The effect of removing the low IQ members of two distributions with different means therefore narrows the gap somewhat, but still leaves a little over half of the difference intact. Further, I'd imagine that we would expect some regression to the mean as well.
So the fact that they found no difference at all is a little bit of evidence against that gap being genetic. Although now that I look at their numbers, I doubt they could have detected a 4-point gap with their sample sizes (~8 points from the original black-white military gap, divided by 2 to account for the German mother). Maybe it really was just totally inconclusive.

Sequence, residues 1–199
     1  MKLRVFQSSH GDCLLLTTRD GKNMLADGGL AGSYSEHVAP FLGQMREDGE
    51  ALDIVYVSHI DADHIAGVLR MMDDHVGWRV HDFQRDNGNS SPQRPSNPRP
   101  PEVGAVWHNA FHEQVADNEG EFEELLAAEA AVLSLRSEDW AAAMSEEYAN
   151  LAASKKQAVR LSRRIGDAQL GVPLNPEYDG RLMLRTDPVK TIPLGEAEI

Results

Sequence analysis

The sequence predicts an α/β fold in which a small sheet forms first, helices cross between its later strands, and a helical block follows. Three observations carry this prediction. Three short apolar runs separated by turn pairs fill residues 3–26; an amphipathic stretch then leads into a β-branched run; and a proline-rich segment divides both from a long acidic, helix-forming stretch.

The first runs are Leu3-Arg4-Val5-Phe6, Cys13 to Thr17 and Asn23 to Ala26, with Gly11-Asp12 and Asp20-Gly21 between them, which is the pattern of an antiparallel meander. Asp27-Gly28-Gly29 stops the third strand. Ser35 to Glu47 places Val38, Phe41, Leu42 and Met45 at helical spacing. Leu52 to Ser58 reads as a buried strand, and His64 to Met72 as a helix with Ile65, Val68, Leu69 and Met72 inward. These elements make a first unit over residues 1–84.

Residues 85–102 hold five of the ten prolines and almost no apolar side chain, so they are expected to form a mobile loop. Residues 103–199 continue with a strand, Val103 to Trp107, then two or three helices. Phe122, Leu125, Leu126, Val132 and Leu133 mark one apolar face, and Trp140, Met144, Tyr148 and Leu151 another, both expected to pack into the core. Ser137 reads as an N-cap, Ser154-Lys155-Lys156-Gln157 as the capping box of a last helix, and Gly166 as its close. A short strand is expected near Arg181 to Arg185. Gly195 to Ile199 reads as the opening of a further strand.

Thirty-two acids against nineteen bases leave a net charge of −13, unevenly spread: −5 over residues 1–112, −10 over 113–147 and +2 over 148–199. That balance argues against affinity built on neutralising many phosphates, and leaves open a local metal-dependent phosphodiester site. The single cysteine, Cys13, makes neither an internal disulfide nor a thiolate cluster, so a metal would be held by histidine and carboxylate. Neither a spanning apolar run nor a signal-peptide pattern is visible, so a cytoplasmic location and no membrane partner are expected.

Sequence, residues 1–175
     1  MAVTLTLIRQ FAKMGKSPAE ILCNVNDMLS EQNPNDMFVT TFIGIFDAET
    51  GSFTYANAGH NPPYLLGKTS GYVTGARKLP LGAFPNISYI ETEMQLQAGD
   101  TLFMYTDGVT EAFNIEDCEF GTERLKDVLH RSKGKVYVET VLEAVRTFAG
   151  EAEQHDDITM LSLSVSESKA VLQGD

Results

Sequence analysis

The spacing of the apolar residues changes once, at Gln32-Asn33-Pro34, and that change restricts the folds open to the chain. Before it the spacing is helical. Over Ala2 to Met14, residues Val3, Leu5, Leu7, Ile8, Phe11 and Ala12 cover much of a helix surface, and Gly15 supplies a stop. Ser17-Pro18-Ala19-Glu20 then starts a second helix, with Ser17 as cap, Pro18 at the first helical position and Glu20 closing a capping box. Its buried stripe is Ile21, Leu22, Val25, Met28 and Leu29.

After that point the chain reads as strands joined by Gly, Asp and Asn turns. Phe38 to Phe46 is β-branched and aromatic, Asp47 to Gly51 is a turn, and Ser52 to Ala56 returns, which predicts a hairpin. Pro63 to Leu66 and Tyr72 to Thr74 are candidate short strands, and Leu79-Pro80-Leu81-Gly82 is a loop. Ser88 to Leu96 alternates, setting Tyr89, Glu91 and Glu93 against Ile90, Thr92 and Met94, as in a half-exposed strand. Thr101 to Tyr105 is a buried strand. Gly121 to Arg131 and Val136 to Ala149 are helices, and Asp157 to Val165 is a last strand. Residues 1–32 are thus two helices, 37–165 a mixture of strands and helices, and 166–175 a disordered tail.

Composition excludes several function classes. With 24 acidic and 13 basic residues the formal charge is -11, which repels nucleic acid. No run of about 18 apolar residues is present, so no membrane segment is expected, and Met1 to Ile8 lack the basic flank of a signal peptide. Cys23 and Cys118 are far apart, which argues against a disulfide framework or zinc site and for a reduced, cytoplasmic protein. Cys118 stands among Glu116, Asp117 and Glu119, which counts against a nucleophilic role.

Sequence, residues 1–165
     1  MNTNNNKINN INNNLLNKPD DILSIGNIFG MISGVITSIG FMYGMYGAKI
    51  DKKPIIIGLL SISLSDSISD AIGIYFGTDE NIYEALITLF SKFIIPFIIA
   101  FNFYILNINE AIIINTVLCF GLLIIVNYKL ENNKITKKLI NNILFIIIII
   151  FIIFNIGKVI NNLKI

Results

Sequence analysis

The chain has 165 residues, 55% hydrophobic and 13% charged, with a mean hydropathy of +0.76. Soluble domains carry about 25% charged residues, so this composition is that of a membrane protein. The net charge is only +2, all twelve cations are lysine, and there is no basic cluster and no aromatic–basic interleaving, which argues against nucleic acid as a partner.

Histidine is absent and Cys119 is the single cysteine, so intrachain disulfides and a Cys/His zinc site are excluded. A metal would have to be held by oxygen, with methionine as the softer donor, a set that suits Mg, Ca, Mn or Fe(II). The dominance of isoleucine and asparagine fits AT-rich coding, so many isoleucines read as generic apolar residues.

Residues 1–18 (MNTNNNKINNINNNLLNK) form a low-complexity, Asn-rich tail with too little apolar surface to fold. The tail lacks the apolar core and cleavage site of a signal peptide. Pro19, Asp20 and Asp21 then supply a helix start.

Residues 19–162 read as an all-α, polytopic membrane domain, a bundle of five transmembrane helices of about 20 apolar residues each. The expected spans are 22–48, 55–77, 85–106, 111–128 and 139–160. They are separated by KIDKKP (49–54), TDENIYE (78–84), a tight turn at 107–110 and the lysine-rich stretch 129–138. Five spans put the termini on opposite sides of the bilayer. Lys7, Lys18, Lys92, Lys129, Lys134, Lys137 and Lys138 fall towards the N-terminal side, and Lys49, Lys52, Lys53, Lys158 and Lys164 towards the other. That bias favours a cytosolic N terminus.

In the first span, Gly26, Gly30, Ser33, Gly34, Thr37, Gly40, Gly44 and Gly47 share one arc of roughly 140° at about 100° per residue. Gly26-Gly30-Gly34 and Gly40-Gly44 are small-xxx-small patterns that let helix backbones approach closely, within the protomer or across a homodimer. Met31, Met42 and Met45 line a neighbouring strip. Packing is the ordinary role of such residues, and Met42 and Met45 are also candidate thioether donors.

(This sort of thing always happens when I look at a social science or medical study in depth. It takes an hour or two to really understand it and work through the details, only to find the evidence is too weak to really draw any firm conclusions one way or the other. Gah!)
I'm just throwing this in here because I can't find the random thoughts thread, but it's really jarring seeing all these people with very Slavic names who are like, literal Nazis. I can't help wondering, you know the actual Nazis would have viewed you as a subhuman and put you right in the gas chamber, right?
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Sure, but they like the idea of a world where they're the ones in control of that gas chamber.
I suppose to be fair the Nazis did use plenty of Slavic collaborators. Unless I'm quite mistaken though I believe the long-term plan was for the physical extermination of the Slavic nations. The Nazis had already gotten a pretty good start on the Poles by the time the Red Army showed up.